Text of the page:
Spring is almost here in New England. The weather is warming up, which means talk has turned in our house to motorcycle season. If you will recall, my husband started racing as a rookie late last year. This year, he’s part of a race team and plans to race once a month starting in the next few weeks.
I can’t turn around without hearing talk about parts, practice and paint. It reminds me of starting off on a new project in my early days as a project manager. Previously, I wrote a post about what aspiring or new project managers could learn from motorcycle racing. Expanding upon the theme, here are five tips that are key to winning a motorcycle race that can be applied to successfully completing a project.
1. Get a good start.
Racers line up at the start, gunning their engines to get a jump off the line. They want to get ahead of the pack early, as zipping around curves and racing down straightaways is easier in a clear field than in traffic. A slow start can mean having to make up time and distance later in the race, when energy levels may be lower and unforeseen events require additional adjustment. Project managers have the ability to start out projects strong, with clear expectations and high energy. Early leads provide additional contingency to address late breaking issues and risks.
2. Follow the rules. Break the rules with intent and experience.
Rules exist for a reason. They are created and shared based on the experience of those that went before. They are meant to keep you safe. That said, playing it safe doesn’t usually win races (or successfully complete projects). As experience grows, the ability to take risks and have successful outcomes increases…the question that remains is the rider’s – or project manager’s – willingness.
3. Adjust for track conditions.
Every track is unique. So is every project. Successful racers and project managers have a baseline of resources and tools that they adjust based on specific conditions. If it’s raining, rain tires need to be put on the bike or crashing is guaranteed. When the environment changes on a project – such realization of a known risk – project managers must consider what they need to change to complete the project successfully.
4. Cut corners where it makes sense.
The shortest distance between two points is a straight line, but motorcycle racing is not like drag racing. There are twists and turns that need focus and adjustment throughout the course. Just because there’s a bend in the road, however, doesn’t mean you have to follow it. Cutting the corner and going straight through the turn can save precious time and resources on the track. Looking ahead and anticipating the most straightforward path through the twists and turns of the project can limit the amount of time and energy the team spends on work that is not critical to the end goal.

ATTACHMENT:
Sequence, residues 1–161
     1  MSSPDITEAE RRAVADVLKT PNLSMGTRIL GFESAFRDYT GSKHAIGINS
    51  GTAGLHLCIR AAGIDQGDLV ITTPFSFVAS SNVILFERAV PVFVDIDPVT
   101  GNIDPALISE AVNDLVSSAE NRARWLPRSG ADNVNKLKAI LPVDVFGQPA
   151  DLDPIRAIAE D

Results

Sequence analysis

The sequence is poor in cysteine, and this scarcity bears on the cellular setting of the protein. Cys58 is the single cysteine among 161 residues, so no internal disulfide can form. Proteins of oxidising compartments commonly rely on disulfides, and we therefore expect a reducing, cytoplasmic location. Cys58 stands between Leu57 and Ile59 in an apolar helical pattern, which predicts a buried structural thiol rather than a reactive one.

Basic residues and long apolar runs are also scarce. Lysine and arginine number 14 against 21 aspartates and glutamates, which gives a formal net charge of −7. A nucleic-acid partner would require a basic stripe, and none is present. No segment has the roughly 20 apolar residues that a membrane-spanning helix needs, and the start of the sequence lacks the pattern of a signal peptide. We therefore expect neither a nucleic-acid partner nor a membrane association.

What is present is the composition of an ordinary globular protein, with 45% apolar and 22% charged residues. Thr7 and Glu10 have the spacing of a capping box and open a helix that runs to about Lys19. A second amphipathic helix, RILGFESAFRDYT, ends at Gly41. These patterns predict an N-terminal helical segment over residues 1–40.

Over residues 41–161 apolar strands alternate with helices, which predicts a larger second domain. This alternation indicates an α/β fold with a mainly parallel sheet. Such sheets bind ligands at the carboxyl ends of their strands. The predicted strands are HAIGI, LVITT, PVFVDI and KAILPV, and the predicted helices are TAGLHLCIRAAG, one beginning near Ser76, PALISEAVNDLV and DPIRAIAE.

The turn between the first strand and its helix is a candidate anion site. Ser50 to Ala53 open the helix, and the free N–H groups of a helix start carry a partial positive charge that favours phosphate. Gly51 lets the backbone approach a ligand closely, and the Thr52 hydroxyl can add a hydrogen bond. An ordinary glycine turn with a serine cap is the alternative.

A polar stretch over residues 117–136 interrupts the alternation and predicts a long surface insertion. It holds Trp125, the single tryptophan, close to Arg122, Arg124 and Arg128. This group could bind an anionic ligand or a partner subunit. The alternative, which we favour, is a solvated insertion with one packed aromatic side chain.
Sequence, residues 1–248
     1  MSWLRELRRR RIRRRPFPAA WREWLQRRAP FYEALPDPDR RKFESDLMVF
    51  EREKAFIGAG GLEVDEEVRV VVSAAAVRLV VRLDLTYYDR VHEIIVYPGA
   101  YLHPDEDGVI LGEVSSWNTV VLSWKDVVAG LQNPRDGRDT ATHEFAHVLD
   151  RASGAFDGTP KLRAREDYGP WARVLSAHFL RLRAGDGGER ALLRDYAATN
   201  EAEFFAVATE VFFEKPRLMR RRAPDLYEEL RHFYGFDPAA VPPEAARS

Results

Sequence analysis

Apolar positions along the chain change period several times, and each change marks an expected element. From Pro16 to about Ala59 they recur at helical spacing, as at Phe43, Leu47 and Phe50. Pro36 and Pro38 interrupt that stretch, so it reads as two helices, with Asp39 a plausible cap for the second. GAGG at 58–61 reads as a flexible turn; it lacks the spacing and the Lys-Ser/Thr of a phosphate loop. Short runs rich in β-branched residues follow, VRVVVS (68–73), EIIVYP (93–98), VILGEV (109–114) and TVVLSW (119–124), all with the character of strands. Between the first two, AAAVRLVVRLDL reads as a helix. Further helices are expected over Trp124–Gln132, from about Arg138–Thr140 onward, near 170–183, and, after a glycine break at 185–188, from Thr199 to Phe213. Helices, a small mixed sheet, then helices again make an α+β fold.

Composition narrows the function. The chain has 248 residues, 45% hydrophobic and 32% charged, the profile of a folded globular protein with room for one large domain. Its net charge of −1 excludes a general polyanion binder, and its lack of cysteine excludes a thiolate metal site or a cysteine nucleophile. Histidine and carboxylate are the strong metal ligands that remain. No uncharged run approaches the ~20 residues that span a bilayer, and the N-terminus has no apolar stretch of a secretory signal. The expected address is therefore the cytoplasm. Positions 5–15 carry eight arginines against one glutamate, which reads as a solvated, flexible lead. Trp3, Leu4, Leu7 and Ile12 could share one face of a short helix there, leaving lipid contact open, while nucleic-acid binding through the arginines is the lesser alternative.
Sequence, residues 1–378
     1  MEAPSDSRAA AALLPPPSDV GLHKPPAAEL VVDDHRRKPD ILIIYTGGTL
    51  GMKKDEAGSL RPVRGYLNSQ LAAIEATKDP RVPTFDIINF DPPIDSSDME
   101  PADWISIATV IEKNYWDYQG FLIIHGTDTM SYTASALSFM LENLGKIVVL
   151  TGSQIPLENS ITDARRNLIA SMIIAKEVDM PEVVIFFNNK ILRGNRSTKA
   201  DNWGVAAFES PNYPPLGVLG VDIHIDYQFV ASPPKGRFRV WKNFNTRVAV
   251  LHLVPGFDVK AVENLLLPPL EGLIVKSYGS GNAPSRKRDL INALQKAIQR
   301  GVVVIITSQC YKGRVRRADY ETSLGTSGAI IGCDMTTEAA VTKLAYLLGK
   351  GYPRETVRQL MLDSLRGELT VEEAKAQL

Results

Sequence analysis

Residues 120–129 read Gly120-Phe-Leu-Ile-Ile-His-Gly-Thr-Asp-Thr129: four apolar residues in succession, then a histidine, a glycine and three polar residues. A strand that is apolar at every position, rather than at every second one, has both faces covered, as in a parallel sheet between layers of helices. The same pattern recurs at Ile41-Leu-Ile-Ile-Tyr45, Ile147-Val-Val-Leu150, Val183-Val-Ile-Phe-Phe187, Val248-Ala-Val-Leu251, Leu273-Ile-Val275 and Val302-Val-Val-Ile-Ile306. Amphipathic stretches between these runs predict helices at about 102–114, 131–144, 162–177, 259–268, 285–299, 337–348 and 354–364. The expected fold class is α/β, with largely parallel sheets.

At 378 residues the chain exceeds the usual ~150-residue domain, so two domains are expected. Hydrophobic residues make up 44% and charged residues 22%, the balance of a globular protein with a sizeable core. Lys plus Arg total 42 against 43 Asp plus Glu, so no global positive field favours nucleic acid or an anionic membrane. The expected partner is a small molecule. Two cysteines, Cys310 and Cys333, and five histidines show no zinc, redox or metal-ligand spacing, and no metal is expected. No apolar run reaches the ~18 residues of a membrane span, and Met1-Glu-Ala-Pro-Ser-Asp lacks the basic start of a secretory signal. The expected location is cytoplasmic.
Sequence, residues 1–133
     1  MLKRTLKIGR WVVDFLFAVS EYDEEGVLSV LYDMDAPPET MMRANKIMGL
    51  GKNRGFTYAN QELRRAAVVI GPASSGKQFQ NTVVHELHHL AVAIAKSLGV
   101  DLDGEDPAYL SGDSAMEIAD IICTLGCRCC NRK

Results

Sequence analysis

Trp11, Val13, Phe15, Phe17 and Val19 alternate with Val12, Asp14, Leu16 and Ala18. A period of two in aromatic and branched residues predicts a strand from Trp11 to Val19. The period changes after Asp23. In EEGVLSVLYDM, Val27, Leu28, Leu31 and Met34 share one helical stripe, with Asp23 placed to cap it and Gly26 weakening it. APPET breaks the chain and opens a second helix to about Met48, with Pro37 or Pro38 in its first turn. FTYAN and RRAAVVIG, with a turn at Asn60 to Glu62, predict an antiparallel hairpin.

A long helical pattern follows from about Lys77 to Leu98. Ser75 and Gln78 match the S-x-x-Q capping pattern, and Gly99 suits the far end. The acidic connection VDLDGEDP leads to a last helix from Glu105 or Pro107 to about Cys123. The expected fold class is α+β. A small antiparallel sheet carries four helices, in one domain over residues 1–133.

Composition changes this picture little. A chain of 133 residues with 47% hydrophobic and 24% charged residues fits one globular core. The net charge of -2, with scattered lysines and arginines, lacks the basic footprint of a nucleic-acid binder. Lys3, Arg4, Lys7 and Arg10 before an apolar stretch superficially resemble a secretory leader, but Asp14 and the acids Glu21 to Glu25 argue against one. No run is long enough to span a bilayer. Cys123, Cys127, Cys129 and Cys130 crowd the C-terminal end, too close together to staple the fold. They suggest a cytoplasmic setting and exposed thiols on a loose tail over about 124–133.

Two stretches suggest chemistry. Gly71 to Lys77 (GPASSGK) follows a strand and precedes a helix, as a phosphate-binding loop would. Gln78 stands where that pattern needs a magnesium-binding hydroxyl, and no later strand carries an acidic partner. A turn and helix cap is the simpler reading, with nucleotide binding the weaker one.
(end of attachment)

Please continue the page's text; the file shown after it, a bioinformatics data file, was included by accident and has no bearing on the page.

5. Reduce risk with repeatable processes.
For a racer, there are elements of any race that are a repeat of the races that came before. Processes that work are continued; those that don’t are adjusted or eliminated. One of the reasons why repeatable processes are important is so the racer can instinctively execute the repeatable tasks – such as proper body position on the motorcycle when going through a turn – and spend her time and energy looking ahead for bumps and reference points on the track. Experienced project managers reuse processes that have worked for them in the past, rather than come up with new ones for every project. It’s one less thing they have to worry about or plan for in a new project. Instead, they can focus on what’s unique for this specific effort.
Bonus – Keep 10% in the tank to address the unexpected.
Racers that push themselves to 100% of their ability level have nothing left when the unexpected happens and can quickly find themselves off the track. A smart racer runs at 90% of their limit to mitigate risk and have contingency “talent” in reserve in the event of an unforeseen circumstance during the race. Similarly, project managers need to make sure they are mentally rested and have some reserve so that the stress of risks and changes don’t push them over the edge and cause them to crash.
Like motorcycle racers, project manages must pull together their resources at the start of an effort and successfully navigate a course through twists and turns to make it to the finish line. Pushing the boundaries enough to win, without crashing, is a goal that can be achieved through repeatable process, a good start, and an occasional cut corner or two. But neither will be successful without adjusting for specific project (track) conditions and keeping a little bit of energy in reserve for when the unexpected happens.
Spring is a time of new beginnings. Whether it’s the start of a new project or a new race season, even experienced professionals should take some time to prepare. If there are techniques you use at the start of a project to increase your likelihood of success, I’d love for you to share them in the comments.